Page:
Groupthink and Denial on a Grand Scale
Chapter 20: The federal solution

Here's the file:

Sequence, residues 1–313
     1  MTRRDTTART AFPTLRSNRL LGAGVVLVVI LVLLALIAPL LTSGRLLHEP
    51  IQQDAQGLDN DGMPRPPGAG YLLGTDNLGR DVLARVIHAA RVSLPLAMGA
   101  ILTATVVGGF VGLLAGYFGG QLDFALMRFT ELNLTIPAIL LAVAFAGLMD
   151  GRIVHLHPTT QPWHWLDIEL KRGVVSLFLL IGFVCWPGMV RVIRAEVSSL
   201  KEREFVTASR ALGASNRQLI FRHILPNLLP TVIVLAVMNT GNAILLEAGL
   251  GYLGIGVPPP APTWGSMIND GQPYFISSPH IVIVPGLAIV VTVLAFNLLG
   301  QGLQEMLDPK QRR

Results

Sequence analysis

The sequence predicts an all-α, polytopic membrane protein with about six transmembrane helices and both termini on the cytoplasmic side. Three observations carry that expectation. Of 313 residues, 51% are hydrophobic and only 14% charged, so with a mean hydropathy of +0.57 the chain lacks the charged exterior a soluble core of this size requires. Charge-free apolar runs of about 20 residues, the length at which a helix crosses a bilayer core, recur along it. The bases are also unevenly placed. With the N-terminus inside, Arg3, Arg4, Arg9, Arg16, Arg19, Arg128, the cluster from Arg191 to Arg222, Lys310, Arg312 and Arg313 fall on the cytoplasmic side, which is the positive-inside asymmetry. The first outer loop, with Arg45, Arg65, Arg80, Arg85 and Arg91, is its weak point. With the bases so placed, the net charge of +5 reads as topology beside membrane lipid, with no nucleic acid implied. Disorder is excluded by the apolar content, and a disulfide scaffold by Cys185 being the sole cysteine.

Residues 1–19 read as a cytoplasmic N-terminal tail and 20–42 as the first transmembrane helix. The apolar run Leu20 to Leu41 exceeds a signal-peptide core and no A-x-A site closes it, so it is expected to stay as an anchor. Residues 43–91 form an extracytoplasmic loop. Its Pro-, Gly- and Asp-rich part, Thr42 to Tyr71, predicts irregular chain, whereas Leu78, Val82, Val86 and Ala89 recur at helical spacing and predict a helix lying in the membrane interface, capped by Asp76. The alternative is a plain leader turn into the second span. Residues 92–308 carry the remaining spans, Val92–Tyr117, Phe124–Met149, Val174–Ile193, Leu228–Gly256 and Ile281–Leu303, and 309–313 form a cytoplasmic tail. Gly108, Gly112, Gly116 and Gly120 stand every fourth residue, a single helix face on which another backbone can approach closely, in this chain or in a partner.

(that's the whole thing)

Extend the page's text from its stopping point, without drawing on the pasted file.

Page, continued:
An obvious economic solution for the Eurozone is to bring the fiscal policy responsibilities (spending and taxation) in line with the monetary issuing capacity and allow the federal fiscal authority to run deficits commensurate with the non-government spending gap. The necessity of this alignment was recognised by the Werner Committee in 1970 and the MacDougall Study Group in 1977 but was ignored, for ideological reasons, by the Delors Committee in 1989. Reflecting on our earlier discussion, the Werner Report concluded that for EMU cohesion ‘transfers of responsibility from the national to the Community plane will be essential’ (Werner Report, 1970: 10). Moreover, the: . . . transfer to the Community level of the powers exercised hitherto by national authorities will go hand in hand with the transfer of a corresponding Parliamentary responsibility from the national plane to that of the Community. The centre of decision of economic policy will be politically responsible to a European Parliament. (p. 11) In a similar vein, the MacDougall Report (1977: 12) concluded in relation to the need for a mechanism to cushion ‘short-term and cyclical fluctuations’ that ‘because the Community budget is so relatively very small there is no such mechanism in operation on any significant scale, as between member countries, and this is an important reason why in the present circumstances monetary union is impracticable.’
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